The risk of debt default in China is largely with the shadow banking system because state-owned banks can be ordered to bail out bad banks.  We went through our own version of this in the U.S., where the SIFIs aren't state-owned but our regulators and politicians are bank-owned.  It's a distinction without much of a difference.  Anti-corruption campaigns go nowhere be cause they threaten the wealth that Part leaders have amassed.  Police don't stop cars marked with military plates, which is why those plates are for sale on the black market.  Privileges that can be commoditized will always be abused.

I wasn't able to attend the concurrent focus sessions on left-leaning Latin America and inevitable climate change, so someone else will have to publish whatever lessons they learned.  The next keynote was from Chris Anderson on the Maker Revolution.  Folks, being a maker is the next big thing and is sustainable in a way that dot-com models and home equity will never be.  He had an older model, producing a plastic toy.  Life expectancy and population size were constants for much of human history until the Industrial Revolution.  Makers are leading the third phase of this revolution by combining desktop manufacturing, digital design, and cloud computing.  Anyone can download apps that will allow you to capture an image with your smartphone, modify the image as a 3D mesh scan, and port that scan to a manufacturer.  Crowdfunding participation accelerates market research for a new prototype.  I get the creative commons licenses covering common generic designs, but there is huge potential for IP owners to use lawfare against designers who infringe on copyrights with careless scanning.  That is how big traditional manufacturers will try to shut down maker sites.  Mr. Anderson's best insight was that globalization is driven by labor arbitrage.  Labor costs have declined as part of a finished product's value chain.  Arbitrage via global labor differentials becomes less of a factor in sourcing production.  Time arbitrage becomes the new deciding factor in production.  This puts a whole new spin on speeding products to market.  Faster entrants who modify simple images into designs will win in the additive manufacturing space.  

Additive printing adds material layer by layer, which means they can fall apart by layer.  This is why the recent controversy over printing firearms parts in 3D is overblown.  The firearm will blow up on first use.  Delamination is the limiting characteristic of what 3D printing can make.  This rules out 3D printing for parts subject to stress from torque or temperature.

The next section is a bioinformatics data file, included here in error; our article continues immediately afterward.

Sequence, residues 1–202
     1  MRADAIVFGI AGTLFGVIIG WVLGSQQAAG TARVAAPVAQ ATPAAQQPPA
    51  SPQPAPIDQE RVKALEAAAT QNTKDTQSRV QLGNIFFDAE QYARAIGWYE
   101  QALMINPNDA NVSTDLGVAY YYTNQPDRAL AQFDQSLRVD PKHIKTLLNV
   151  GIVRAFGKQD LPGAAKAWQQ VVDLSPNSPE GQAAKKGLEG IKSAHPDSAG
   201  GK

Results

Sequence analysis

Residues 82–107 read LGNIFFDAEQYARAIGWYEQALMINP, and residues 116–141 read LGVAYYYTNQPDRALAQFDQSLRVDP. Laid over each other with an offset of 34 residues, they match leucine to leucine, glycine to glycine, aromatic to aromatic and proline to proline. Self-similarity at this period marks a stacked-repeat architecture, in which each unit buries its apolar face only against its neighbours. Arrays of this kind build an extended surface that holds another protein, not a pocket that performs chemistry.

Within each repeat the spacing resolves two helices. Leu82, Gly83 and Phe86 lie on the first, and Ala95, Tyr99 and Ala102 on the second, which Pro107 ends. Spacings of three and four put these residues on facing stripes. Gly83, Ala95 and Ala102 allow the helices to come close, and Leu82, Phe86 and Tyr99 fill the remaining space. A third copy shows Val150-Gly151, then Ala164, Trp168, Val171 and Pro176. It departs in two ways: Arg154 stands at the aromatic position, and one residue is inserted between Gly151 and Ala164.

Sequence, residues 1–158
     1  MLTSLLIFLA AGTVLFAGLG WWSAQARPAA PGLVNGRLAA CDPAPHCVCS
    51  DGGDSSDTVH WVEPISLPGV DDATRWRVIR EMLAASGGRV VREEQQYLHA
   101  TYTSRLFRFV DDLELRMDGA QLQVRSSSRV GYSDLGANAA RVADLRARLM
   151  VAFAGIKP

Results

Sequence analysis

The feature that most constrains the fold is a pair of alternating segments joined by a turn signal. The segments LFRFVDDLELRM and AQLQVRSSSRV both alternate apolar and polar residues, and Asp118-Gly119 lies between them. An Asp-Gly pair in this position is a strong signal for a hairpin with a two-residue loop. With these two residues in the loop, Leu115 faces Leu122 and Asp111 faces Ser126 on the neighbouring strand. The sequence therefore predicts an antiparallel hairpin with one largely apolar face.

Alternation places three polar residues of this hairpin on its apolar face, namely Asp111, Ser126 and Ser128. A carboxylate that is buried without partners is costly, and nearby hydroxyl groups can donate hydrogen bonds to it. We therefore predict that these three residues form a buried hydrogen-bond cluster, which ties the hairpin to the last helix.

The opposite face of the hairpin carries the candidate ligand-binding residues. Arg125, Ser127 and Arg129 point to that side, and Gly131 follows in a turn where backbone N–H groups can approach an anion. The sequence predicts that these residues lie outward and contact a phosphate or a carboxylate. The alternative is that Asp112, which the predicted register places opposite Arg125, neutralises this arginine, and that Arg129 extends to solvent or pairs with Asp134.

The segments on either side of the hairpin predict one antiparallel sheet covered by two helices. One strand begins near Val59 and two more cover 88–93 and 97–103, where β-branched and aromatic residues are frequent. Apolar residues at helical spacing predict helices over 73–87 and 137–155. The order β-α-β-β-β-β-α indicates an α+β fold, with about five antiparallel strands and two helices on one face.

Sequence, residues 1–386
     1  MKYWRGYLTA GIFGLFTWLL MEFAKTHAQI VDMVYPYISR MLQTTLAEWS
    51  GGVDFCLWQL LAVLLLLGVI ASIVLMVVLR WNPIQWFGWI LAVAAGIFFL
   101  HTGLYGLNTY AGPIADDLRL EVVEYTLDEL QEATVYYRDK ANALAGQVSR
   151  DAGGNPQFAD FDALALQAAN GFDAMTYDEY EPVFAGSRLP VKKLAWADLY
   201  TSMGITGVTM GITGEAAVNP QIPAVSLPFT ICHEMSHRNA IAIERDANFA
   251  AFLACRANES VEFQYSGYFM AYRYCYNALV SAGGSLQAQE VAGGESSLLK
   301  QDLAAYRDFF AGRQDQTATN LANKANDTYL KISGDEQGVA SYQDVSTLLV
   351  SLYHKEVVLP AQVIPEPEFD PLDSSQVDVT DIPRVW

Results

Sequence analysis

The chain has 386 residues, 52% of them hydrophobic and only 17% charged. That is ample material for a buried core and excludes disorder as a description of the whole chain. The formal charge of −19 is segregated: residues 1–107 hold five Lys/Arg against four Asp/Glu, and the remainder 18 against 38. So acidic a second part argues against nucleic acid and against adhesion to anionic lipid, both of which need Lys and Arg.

Mr. Anderson switched gears quickly to the coming proliferation of drones.  Additive manufacturing will make lots of cheap drones available for everyone.  He thinks agriculture is a big potential drone market because drones can be programmed to conduct daily automated crop surveys, allowing instant decisions on farm management techniques like pesticide application and irrigation.  The cost savings to farmers from pesticide reduction and water conservation will be huge, more than the cost of printing a drone and crowdsourcing its navigation app.  He closed by pointing out the future of education at Khan Academy and Udacity, although schools that adopt his suggestion of plugging a 3D printer into their computer lab will of course accelerate their own obsolescence.  If that's the stalking horse, it's a good one.

That was just the first day, March 7.  Friday's action was even more fun.  I fulfilled my obligation as a Veteran Fellow by hosting a Friday morning breakfast table discussion on the sustainability of China's rise as a world power.  I thank the very thoughtful people who shared my table for many ideas:  the potential for conflict between China and its neighbors, especially India; China's access to water; the capabilities of its slightly used aircraft carrier; the state of its rare earth metal mining sector; and plenty of other food for thought.  Speaking of food, the St. Regis Hotel's catering kitchen is pretty good.

The Friday morning keynote on the U.S. fiscal crisis brought Laura Tyson over from U.C. Berkeley and Gillian Tett from the Financial Times.  Ms. Tyson had good facts on the macro economy but I disagree with her dismissal of inflation.  She may be unaware that the BLS has underreported the CPI for decades with hedonic adjustments and other tricks.  She even thinks the U.S. doesn't have a real fiscal crisis.  I wish I could show her the Reinhart/Rogoff point we crossed when our nation passed 90% debt/GDP over a year ago.  I hope she returns to this conference after we have our Minsky Moment.  I guess someone had to represent the Paul Krugman camp of spending our way to prosperity.